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Book Review: Alpha Rising

Alpha Rising (Duke, Book 1)

Scavola

An erotic drama, with laughter and tears, his story will touch you, and have you touching yourself.

Two worlds collide as Duke has to tell his boyfriend Mike his secret, that not only can he change into a black German Shepherd, but also that the Irish Setter he brought home from his family vacation is actually his lover Rourke.

Rourke, a ‘purist’, his primitive people brutalized him for being gay. By becoming his ‘Alpha’, Duke rescued him, but to remain an ‘Alpha’ Duke has to lead a pack. The machinations of the ‘purists’ not only lead Duke to gather a pack, but also to take action that will have far-reaching ramifications.

For Rourke’s sake, Duke has to tell Mike his secret, to do so, they have to mate. Their love on the line, the real threat comes from within, as another competes for Duke’s affection.

Animal experimentation, a knife-wielding homophobe, the local whore, and an ailing grandparent, who has to pass along his gift of ‘change’, add to his troubles, but a hundred year old tortoise with a secret saves the day.

This is most certainly the deepest I’ve gone into the world of shifter erotica.  (I previously read Within the Mists by Jude Johnson and Mind Magic by Poppy Dennison, but Alpha Rising certainly goes further in the shifter capacity and further in the shifter/non-shifter sex.)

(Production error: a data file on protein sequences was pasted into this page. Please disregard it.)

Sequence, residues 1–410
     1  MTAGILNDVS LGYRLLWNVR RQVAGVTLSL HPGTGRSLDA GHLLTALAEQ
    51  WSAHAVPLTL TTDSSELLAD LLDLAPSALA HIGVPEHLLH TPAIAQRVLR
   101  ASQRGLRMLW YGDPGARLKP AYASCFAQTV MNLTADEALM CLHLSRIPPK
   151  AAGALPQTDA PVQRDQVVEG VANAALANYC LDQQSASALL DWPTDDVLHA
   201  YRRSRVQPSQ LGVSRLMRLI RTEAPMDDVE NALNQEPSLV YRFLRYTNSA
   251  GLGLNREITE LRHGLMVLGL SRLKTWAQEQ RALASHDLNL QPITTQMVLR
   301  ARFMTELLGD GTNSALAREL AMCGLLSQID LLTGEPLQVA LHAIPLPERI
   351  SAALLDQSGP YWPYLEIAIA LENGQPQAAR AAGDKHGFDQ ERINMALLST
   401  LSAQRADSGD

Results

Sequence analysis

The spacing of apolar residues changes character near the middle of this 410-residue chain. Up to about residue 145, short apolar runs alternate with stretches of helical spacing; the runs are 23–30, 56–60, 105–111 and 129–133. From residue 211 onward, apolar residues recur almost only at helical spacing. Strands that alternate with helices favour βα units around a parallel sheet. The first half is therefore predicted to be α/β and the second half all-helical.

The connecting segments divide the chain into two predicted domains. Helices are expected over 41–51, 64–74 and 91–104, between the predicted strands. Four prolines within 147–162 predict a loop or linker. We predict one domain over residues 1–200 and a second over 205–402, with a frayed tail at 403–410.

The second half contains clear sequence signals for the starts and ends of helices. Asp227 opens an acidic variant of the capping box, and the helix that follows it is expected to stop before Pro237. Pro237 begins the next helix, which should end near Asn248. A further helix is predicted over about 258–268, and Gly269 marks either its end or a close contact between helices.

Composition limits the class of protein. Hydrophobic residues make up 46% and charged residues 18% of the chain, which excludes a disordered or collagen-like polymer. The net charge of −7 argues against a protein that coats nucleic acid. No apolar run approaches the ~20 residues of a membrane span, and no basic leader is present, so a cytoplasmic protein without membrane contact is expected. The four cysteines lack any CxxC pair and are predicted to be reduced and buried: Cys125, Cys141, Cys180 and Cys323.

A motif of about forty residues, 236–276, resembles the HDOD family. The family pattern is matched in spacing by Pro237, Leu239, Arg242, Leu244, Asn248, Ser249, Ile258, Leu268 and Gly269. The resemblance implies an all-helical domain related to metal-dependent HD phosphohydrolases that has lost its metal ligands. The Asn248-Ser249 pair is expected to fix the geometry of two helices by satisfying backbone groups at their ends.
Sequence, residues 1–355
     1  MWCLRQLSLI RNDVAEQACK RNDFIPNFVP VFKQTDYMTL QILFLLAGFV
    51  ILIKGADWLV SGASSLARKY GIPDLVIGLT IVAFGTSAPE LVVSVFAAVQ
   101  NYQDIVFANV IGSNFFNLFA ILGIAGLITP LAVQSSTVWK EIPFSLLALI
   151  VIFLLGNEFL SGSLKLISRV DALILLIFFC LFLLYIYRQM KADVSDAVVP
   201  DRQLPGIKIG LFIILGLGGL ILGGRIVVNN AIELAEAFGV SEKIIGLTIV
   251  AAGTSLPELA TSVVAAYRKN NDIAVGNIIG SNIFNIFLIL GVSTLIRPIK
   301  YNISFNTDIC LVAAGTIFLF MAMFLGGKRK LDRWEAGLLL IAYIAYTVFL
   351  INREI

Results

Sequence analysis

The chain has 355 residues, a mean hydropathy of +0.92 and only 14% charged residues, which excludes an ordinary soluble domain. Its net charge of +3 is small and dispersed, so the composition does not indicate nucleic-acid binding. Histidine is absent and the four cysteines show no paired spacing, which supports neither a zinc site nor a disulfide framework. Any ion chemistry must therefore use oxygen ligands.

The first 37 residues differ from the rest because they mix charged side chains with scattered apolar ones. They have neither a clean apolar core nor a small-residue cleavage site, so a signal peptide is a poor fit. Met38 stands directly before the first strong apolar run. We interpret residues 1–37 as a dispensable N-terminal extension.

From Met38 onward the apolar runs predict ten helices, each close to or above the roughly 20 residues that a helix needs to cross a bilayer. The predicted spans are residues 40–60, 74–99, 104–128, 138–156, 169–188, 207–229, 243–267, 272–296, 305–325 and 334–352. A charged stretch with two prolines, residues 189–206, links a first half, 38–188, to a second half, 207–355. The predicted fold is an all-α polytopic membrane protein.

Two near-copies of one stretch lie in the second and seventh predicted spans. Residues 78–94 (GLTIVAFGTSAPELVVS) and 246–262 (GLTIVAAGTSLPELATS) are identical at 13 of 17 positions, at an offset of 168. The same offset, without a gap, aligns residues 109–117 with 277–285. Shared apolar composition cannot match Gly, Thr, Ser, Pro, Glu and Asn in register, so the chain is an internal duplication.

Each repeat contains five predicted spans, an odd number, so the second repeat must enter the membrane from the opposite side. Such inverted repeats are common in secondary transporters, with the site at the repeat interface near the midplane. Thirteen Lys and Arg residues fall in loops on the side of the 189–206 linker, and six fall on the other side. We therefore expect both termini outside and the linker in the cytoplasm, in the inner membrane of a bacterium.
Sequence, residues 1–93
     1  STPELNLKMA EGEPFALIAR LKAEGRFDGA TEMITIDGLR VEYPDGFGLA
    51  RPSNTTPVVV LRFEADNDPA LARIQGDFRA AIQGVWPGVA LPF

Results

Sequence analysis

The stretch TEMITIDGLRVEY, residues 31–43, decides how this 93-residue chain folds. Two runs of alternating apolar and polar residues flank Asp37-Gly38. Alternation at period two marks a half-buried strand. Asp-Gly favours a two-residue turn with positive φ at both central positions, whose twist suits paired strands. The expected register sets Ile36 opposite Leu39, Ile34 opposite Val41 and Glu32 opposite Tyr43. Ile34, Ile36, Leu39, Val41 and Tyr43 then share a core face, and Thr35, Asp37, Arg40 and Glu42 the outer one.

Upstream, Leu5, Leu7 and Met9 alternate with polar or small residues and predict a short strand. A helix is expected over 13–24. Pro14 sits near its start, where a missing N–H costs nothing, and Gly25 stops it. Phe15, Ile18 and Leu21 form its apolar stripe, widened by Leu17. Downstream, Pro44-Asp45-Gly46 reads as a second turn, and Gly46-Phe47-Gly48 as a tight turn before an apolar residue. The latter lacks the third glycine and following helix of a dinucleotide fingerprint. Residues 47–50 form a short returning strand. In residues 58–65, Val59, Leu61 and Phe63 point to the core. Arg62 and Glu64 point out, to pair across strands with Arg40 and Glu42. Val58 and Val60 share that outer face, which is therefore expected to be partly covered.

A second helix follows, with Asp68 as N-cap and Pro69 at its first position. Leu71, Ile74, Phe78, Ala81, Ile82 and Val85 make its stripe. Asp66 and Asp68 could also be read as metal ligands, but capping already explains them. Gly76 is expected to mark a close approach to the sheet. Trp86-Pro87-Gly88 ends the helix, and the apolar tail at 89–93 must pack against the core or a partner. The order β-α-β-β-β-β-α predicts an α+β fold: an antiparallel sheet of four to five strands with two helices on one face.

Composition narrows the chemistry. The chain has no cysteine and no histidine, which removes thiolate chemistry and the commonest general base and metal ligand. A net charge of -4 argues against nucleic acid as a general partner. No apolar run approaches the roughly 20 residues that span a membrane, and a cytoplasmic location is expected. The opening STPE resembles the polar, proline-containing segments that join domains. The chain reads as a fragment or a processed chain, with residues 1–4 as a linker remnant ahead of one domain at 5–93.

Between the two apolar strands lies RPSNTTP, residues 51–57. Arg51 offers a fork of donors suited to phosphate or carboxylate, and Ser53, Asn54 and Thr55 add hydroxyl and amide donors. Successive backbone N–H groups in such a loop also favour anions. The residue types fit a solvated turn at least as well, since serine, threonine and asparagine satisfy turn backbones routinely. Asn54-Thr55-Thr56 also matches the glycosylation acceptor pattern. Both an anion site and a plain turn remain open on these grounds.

Duke, the narrator, has a casual and light-hearted approach, which makes this an easy-to-get-into novel.  Quite a bit is explained about shifters to allow a genre-newbie to catch up, but the explanations would not be intrusive for the die-hard shifter fan.  The erotic scenes are frequent and intense, adding a fun heat to the novel.

What I found perhaps most interesting in Alpha Rising is the fluidity of love, sex, and affection.  At the core is Duke and Mike, a couple who have been together for years and years, but there are a handful of other guys thrown into the, *ahem*, dogpile.  🙂  Perhaps this is a trait that carries over from most of the characters being dogs in their animal states — all of the male characters sleep together like a litter of puppies.  As such, with that closeness, there are numerous touches, caresses, and, well, dirtier things too.  It was really nice to read about a fluidity of affection that didn’t incite jealousy and drama.

The story Scavola is large and complex, but the easy-flowing narrative and likeable characters make the read an enjoyable diversion to my day.

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Still Reading Smut

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Just wanted to point out that, despite my numerous sci-fi and thriller book reviews lately, I’m still reading smut!

I picked up these fine dirty books in the discard bin at my local LGBT library.  I’ve started reading Glamourpuss (second row on the left) and it’ll show up here in a couple weeks.

So if you follow me for dirty book recommendations, don’t worry, they’re coming back ASAP!

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Book Review: Star Trek: Section 31: Disavowed

Star Trek: Section 31: Disavowed

David Mack

Amoral, shrouded in secrecy, and answerable to no one, Section 31 is the mysterious covert operations division of Starfleet, a rogue shadow group committed to safeguarding the Federation at any cost.

Doctor Julian Bashir sacrificed his career for a chance to infiltrate Section 31 and destroy it from within. Now it’s asking him to help it stop the Breen from stealing a dangerous new technology from the Mirror Universe – one that could give the Breen control over the galaxy.